Photo by Kirstin Sandblom
Habitat: Duckweed grows floating on the
surface of calm bodies of water. It requires
fresh water that is high in nutrients and a
pH just over 7.
Range: Its native range is most of North
America, Asia, Africa, and Europe. It has
also been introduced into Australia and South
Leaves: Duckweed usually only has two or
three leaves which make up the visible part
of the plant. They contain small air sacks to
keep the plant afloat.
Roots: Each leaf has one hair-like root that
hangs down in the water.
Flowers: Duckweed rarely produces flowers.
It usually reproduces by dividing after more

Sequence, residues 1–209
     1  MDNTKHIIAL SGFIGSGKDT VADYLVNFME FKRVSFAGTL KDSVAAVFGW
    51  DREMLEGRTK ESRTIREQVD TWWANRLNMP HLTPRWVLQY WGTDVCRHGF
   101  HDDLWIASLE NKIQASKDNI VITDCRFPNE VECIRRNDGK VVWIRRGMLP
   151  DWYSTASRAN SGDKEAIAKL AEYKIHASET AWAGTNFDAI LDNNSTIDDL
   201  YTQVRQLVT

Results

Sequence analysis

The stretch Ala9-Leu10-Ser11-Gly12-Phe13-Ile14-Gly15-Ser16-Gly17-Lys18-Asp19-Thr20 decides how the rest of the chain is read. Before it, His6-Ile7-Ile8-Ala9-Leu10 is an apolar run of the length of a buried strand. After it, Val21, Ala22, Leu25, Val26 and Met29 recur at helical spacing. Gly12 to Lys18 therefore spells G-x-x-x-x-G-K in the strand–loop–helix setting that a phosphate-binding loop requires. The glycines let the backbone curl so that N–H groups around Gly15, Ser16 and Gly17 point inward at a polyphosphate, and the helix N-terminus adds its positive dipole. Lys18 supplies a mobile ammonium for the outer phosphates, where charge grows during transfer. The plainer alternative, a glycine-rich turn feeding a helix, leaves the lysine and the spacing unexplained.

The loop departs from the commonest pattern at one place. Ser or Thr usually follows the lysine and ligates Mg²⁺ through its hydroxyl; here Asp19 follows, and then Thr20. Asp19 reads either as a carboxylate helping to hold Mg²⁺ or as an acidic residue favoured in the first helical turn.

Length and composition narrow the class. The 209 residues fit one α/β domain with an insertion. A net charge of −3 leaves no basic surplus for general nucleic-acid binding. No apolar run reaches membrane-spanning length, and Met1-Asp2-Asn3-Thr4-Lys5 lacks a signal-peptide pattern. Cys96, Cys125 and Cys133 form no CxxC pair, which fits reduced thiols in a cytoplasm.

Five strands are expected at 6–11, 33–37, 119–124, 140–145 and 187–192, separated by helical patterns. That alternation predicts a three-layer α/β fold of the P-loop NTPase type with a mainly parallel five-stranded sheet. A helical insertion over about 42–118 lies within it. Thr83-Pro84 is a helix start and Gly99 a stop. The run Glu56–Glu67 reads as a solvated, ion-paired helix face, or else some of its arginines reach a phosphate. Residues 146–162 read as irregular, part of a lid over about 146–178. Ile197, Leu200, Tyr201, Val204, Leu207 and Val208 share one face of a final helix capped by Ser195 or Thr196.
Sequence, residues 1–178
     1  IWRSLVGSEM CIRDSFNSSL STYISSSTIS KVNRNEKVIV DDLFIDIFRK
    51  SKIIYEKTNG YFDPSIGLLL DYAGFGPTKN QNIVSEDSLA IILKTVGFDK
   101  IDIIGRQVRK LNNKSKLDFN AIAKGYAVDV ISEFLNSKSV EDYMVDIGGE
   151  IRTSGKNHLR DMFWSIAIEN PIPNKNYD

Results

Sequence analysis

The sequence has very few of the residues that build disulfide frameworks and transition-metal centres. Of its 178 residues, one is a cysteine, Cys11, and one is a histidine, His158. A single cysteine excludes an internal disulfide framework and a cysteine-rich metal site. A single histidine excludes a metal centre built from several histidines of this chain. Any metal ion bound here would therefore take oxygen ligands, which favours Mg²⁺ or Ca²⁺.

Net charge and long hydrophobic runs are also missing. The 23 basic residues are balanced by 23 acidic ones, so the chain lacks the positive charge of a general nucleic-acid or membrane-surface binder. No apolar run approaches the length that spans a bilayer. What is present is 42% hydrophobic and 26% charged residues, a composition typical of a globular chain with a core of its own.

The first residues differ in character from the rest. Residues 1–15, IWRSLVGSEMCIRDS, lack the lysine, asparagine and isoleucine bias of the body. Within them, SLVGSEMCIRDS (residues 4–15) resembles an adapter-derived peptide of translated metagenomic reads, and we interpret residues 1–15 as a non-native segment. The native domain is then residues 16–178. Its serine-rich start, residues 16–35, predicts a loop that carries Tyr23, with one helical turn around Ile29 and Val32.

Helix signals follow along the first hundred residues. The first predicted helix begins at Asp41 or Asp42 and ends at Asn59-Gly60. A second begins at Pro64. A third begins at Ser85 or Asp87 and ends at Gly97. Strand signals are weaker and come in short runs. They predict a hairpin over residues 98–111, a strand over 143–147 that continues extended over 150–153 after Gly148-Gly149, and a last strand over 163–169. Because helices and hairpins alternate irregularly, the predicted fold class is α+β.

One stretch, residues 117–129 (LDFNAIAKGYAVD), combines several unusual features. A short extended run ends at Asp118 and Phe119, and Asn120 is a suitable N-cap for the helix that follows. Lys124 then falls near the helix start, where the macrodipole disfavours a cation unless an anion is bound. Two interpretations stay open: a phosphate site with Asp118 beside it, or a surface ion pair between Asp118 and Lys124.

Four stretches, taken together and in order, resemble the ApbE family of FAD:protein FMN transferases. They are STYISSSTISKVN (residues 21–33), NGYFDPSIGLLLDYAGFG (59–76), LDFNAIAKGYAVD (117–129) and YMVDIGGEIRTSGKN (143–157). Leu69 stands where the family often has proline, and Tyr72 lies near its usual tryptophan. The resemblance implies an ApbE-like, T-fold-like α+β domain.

than three leaves have grown. When it does
flower the flowers are tiny (1 mm) and simple.
They are cup-like and only visible with a
Interesting Facts: Duckweed is grown
commercially as animal feed for fish and
Experiments have shown that common
duckweed can remove heavy metals from
It is also being used to explore the effects of
pharmaceutical water pollution on plants.
Duckweeds are pollinated by insects and wind.
They also can self-pollinate in the absence of
Les, D. H. et al. 2002. Phylogeny and Systematics of Lemnaceae, the Duckweed Family. Systematic Botany 27: 221–240.
Skillicorn P., W. SPIRA, and W. JOURNEY. 1993. Duckweed aquaculture: a new aquatic farming system for developing countries. Washington, D.C.: The World Bank.
Stomp, A-M. 2005. The duckweeds: A valuable plant for biomanufacturing. Biotechnology Annual Review 11: 69-99.